Mary(53), Elizabeth(20) and Samuel(19) emigrate in Jun 1912 only a month after the Titanic disaster. She told stories of seeing bodies in the water on the journey. Departed Liverpool, arrived Halifax. Elizabeth and Samuel list their occupation as Factory Worker and Clerk respectively.
Lived at 514 Walker in Winnipeg from 1912-1930s

Frank belonged to the Amalgamated Society of Carpenters and Joiners, and likely got carpentry work after he arrived in town by way of the local chapter. Frank probebly learned his trade from his own father, Thomas, who was also a joiner. Frank joined the trade union June 23rd, 1883 at age 24. He had a large handmade wooden tool chest which would be eventually passed on to his grandson Frank, who also went into the trade. In later years Frank helped build and expand the Selkirk Mental Asylum and did work for the Manitoba government.

Daughter Elizabeth marries Andrew Halliday. They all live together in the Walker Ave house.

1917 Frank's son Samuel is drafted into WWI and is killed in France less than a year later in Aug 1918. Mary has a stroke that day she hears the news and is never quite the same afterward. Originally he had tried to enlist in 1915 but was turned away for flat feet. He is buried in Vis-En-Artois British Cemetery, France.

The families were proud of their Scotch heritage and belonged to the Dumfries and Galloway Association of Winnipeg. They spoke with thick Scottish accents and kept many of their euphemisms and sayings. Their granddaughter Jean would also always remember the Scotch dumplings her grandmother Mary would make.

Elizabeth was a very happy person who would sing old Scottish songs to herself. Even her neighbors would remark that when they were feeling low, all they had to do was open the windows and listen to Mrs. Halliday next door to brighten their spirits. Even her father Frank was known for his singing. He would lovingly tease and sing to his wife Mary all the time.

Mary Farish, passed away in May 29th, 1929 at age 71. She had never been the same since her son's death ten years earlier.

Lived at 495 Beresford 1932

In February 1932 Frank Farish was honoured by his union for 49 years of continuous membership. He and several others were each awarded an engraved bronze buffalo statuette.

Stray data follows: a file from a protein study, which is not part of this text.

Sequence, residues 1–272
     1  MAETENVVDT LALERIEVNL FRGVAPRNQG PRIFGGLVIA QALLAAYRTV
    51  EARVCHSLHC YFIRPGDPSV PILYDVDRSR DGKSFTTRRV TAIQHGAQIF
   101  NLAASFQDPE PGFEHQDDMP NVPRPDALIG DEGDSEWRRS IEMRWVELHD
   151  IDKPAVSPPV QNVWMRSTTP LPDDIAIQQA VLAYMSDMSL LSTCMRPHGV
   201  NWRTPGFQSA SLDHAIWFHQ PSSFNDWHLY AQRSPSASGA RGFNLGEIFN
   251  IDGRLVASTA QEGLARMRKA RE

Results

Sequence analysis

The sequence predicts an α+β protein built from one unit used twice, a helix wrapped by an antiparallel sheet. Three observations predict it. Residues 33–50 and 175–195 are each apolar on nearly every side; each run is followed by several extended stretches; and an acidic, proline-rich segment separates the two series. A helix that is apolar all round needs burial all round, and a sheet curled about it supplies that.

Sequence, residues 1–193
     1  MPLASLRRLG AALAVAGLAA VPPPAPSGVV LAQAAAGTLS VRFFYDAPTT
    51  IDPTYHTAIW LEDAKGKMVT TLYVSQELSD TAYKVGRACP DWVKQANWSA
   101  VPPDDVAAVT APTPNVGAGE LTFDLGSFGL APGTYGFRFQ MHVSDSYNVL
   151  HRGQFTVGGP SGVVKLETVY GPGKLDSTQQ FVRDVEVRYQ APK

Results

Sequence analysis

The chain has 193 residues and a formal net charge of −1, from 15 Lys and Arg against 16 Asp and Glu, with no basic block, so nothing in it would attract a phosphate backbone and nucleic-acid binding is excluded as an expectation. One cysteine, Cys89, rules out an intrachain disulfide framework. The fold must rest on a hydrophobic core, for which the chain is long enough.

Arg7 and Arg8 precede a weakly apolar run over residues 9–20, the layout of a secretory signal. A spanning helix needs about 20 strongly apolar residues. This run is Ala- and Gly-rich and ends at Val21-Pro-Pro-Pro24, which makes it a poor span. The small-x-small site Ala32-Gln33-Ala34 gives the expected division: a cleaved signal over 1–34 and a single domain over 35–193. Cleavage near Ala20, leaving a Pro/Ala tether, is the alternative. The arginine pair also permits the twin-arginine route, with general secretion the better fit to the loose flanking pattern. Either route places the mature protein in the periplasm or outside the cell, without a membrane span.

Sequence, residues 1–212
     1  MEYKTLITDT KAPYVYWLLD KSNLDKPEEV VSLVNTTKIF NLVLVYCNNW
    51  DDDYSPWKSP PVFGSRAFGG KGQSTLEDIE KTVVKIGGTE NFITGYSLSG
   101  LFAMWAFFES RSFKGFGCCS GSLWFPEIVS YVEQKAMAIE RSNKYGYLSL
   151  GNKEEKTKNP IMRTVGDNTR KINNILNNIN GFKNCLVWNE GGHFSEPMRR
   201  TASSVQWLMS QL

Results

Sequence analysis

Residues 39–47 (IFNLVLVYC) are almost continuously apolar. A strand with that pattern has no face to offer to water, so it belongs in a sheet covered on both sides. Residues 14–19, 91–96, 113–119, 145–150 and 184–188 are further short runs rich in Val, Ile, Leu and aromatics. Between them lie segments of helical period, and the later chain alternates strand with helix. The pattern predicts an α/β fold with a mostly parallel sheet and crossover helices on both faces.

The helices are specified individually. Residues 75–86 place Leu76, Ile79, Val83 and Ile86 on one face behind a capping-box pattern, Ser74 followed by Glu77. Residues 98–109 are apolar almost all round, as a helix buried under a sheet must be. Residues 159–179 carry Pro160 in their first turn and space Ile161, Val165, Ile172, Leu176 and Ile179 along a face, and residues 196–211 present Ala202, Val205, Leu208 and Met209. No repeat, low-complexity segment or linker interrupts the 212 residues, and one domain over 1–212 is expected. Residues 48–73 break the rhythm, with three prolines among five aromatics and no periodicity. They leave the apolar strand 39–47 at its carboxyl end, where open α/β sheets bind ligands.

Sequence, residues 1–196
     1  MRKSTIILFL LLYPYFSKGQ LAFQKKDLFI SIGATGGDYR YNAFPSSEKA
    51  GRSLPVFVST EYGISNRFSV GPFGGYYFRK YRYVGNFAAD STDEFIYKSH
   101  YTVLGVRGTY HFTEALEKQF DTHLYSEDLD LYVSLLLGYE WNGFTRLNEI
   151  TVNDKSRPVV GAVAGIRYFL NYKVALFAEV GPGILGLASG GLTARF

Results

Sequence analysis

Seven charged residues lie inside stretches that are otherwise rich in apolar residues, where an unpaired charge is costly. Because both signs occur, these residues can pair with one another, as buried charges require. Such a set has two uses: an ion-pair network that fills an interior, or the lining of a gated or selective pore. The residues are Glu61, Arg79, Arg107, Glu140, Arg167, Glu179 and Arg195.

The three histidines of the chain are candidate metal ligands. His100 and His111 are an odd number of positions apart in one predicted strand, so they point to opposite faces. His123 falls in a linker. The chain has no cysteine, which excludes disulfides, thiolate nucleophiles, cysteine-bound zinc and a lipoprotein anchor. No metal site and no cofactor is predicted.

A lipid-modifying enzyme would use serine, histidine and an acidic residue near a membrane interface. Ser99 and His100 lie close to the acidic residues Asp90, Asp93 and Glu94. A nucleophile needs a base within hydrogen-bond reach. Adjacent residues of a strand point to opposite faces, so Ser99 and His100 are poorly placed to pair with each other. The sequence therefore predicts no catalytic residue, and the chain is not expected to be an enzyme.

Sadly Frank suffered from Alzhiemers in later life (back then they called it hardening of the arteries of the head). One Sunday night in the early 1930s he was to go over at his son's house for the weekly dinner. He was living with Andrew and Elizabeth at that time and had left their place as expected, but seemed rather late coming home later in the evening. When Elizabeth called her brother to find out if he had left yet, she found he hadn't arrived at all. The family became panicked and hit the streets to look for him, asking children and other neighbours to help. He was found shortly after downtown at the Hudson's Bay arcade, quietly standing while smoking his pipe, by a passing Winnipeg police inspector who knew him and though he was out of sorts. The inspector offered him a ride home much to the relief of his waiting family, but Frank had no idea what had really happened. After that the family was almost afraid to leave him alone.

Sometime later in 1933, Frank almost set fire to the house when he was lighting his pipe. After only leaving him alone for a few moments, his daughter Elizabeth saw the bay window curtains on fire when she returned home. She rushed in to find him standing in front of the flames quietly watching them. He was seemingly unaware of the danger, or that he had caused them.

Frank passed away on March 17th, 1935 at age 76. He was buried with his wife Mary at Elmwood cemetery.